National Grammar Day Resolved (part 2)

This post closes the loop from the previous post, located here.  [Yes, I wrote Grammer in the title, and, no, it wasn’t on purpose. Didn’t catch it till after it went out to the world. Excellent blog on this here by lit agent Rachelle Gardner.]

frazzled-150x150God gave me a love of words and sentences and grammar when I was young. I read every book I could get my hands on. I spent many days riding my five speed bike with banana seat and sissy bars to the Oriole Park library — a small branch library in Chicago — where I scoured the shelves for mysteries and sci-fi. I think I kept that place in business with overdue fines. Something about reading mesmerized me.

Christians are People of a Book. People of One Book, actually. God has conveyed his truth as a deposit of words, entrusted to us. As a pastor-teacher, my marching orders are clear:

Then the twelve summoned the multitude of the disciples and said, “It is not desirable that we should leave the word of God and serve tables. (Acts 6:2, NKJV).

“but we will give ourselves continually to prayer and to the ministry of the word.” (Acts 6:4, NKJV).

That Word requires eager study and prepared communication. The grammar and syntax of Scripture, the vocabulary of divine revelation, the logical and theological structures that emerge from Scripture, these are the golden keys to unlock the heart of God.

Yes, the National Grammar Day challenge was for fun… but the more I think about it, the more I discover a serious underlying issue: there can be no precision of thought without precision of language. And without precision of thought, we have no bedrock truth to stand on. 

Because TRUTH MATTERS, language matters. Every pastor should “search the Scriptures” and spread a gospel feast week after week before the people of God.

Enough preaching.

Here’s my take on the grammar, admitting there will always be room to disagree.

  1. This is the starship Enterprise. It’s five-year mission: …to boldly go where no one has gone before.
    1. Either put a comma after starship or capitalize it.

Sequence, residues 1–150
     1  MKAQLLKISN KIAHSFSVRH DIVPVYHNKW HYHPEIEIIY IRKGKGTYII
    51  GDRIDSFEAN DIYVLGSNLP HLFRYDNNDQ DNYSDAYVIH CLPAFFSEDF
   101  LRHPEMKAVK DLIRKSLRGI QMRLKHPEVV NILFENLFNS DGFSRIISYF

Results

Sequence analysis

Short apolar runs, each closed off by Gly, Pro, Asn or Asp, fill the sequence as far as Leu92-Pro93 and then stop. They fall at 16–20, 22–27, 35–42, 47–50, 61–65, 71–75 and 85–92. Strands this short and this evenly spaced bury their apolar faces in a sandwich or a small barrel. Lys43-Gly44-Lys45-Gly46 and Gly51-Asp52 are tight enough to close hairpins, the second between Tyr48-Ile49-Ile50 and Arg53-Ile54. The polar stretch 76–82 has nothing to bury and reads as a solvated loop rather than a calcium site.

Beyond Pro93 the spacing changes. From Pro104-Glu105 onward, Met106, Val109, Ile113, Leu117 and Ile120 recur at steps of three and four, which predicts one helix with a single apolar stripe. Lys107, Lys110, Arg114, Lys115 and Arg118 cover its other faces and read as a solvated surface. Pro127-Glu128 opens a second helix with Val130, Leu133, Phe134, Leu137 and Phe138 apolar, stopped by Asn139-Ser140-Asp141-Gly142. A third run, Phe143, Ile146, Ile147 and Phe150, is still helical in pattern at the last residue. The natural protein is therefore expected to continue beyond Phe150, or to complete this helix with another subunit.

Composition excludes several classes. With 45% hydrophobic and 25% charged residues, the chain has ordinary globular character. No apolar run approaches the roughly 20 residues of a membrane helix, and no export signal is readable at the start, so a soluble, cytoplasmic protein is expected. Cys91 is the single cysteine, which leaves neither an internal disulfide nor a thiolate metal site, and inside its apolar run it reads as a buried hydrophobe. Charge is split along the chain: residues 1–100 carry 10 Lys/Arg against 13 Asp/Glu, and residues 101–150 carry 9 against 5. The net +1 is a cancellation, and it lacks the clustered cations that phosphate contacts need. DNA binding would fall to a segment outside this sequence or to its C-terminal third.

2. Its five-year mission.
    3. To boldly go…  this is a “split infinitive,” a no-no for finicky grammarians. To go boldly would be correct, but wouldn’t sound right.
  2. We are grateful for the unnamed donor who sent a pizza to Margi and I. There it was, in a box, laying on our front porch, beckoning with gooey goodness. Thank you forever.
    1. To Margi and ME, thank you. When the pronoun is the object of a preposition, use ME, not I.
    2. Lying, not laying.
    3. Thank you forever… I don’t know what to say about that one.
  3. How wonderful to know that Jesus loves me.
    1. What kind of sentence is this, boys and girls? It is an EXCLAMATION. It lacks a correct subject. It lacks a correct predicate. To indicate you are aware of this, use a special mark called an exclamation point. You’ve heard to avoid them? Yes. How wonderful to know when to use one!
  4. My daughter is in her room sleeping. Wake up, sleepyhead!
    1. Quit dangling that participle. Is the room sleeping?
    2. Sleepyhead should be capitalized as it is used to name her, and is used in direct address.
  5. God loves you irregardless of your past failures. He extends his hand of mercy to whoever wills.
    1. Never use the non-word irregardless again. You’ll sound smarter using irrespective.
    2. Whomever. But I said we’re being finicky.
  6. The gospel teaches that God’s Son died for you and I. He rose again, and reigns from the throne of glory. One day, he shall come again.